The bridge is very standard looking three footed maple bridge with an ebony cap that, like all banjos, you fit and set yourself for scale length and intonation. It's also grooved to hold the string spacing - like all banjos. Helpfully, Gold Tone supply these with a scale measure 'thingy' (a technical term) to allow you to get the bridge in exactly the right place without going through the tune / play / shift / repeat process you normally follow with banjos. Basically a measuring tool for scale length. That's handy enough, but it's not really that hard to measure the distance from nut to the 12th and then make sure the bridge is the same difference away at the other end. At the base you get a standard looking tail piece over which the strings run and are tied through small holes in the chrome metalwork.
Up to the neck and we are now firmly in more traditional territory. It's made of wonderful looking maple and connected in a regular banjo fashion with a rod running through the rim from the lower part of the neck heel. Interestingly the neck is also attached by another bolt above the rod. I've looked it over and it would appear that the neck is not adjustable for action / height as on many other banjos so it really is what it is. It looks great though and is very reminisccent of the Deering and Fluke necks. It's made of two pieces, jointed at the heel, and is comfortably profiled but a little narrow for my tastes at just under 35mm at the nut. There isn't a separate fingerboard applied so the 18 frets are set directly into the maple which I like. The edges of the neck are bound though in black ABS to hide the ends and avoid sharpness. I find the black strips a little jarring in colour against the pale neck, and think these would have been better in cream or white, or perhaps removed altogether. They do mean that you don't get any sharp fret edges though. You get outward position markers at the 5th, 7th, 10th, 12th, 15th and 17th, with the 5th being a star and the 12th being a double for the octave. You also get white side dots in the same places. Cool.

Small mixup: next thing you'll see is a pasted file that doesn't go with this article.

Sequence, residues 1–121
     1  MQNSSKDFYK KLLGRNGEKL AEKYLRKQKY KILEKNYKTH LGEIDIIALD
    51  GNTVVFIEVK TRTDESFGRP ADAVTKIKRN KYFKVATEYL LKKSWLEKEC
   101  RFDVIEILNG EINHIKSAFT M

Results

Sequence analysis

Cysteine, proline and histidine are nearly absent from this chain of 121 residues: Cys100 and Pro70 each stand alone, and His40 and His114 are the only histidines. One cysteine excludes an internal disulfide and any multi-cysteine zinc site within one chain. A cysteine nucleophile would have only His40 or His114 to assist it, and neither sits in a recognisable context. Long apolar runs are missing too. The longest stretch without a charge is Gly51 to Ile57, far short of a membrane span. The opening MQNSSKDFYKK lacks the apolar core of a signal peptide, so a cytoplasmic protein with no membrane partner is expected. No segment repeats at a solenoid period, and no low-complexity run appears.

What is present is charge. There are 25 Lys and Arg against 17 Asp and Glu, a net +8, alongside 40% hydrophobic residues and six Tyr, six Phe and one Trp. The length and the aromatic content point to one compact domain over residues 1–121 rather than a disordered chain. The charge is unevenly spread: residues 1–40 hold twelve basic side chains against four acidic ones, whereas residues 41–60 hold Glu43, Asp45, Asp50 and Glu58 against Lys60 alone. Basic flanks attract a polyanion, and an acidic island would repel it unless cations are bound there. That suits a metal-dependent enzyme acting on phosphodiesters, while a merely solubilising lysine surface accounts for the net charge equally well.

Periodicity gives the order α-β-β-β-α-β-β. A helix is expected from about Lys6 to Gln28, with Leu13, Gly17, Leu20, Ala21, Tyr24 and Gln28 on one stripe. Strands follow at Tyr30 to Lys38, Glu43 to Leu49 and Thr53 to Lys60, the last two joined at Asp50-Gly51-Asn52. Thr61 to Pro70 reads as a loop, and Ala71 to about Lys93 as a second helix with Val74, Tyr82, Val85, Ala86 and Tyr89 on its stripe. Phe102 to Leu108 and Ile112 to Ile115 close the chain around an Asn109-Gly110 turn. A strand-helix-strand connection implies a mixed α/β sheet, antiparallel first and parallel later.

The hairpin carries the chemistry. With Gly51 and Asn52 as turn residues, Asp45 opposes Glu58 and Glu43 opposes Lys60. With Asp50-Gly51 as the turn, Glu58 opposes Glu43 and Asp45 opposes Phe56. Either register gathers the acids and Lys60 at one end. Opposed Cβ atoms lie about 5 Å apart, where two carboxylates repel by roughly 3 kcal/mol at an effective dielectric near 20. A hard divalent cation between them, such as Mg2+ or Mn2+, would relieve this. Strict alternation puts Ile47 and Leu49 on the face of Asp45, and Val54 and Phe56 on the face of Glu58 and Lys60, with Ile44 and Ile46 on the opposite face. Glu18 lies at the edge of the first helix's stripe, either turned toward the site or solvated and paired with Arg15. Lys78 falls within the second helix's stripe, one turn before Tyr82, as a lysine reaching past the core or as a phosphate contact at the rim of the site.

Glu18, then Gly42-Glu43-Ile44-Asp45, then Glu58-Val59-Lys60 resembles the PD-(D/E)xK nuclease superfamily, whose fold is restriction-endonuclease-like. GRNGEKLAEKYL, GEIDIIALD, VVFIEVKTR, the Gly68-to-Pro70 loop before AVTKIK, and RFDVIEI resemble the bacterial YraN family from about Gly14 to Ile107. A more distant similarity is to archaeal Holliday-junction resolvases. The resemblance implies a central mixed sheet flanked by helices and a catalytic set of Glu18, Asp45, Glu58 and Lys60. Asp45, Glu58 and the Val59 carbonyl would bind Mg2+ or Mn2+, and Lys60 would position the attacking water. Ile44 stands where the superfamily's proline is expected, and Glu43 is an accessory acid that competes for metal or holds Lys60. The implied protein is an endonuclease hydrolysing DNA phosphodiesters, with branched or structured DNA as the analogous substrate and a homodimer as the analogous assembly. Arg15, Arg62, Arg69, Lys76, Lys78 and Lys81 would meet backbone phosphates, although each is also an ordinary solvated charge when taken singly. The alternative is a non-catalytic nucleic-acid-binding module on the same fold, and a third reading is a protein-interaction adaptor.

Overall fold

Beyond the nut (a material they don't specify, but looks like plastic) we have the traditional looking headstock. It's very similar to the Deering, but that isn't to say it's a copy of anything as this is just an old style banjo headstock shape. The Gold Tone logo is laser etched into the face and I think looks a little lost and plain and could be bigger. What you will also spy on the headstock is a plastic cover with a gemstone logo. This gives you access to the truss rod adjustment bolt to put relief into (or remove relief from) the neck. A nice touch on the face of it and something that is critical on guitars due to string tension pulling at the neck, but I've never saw the need for them on ukuleles. Kamaka's don't have them.. You just don't get that much tension to need them I find.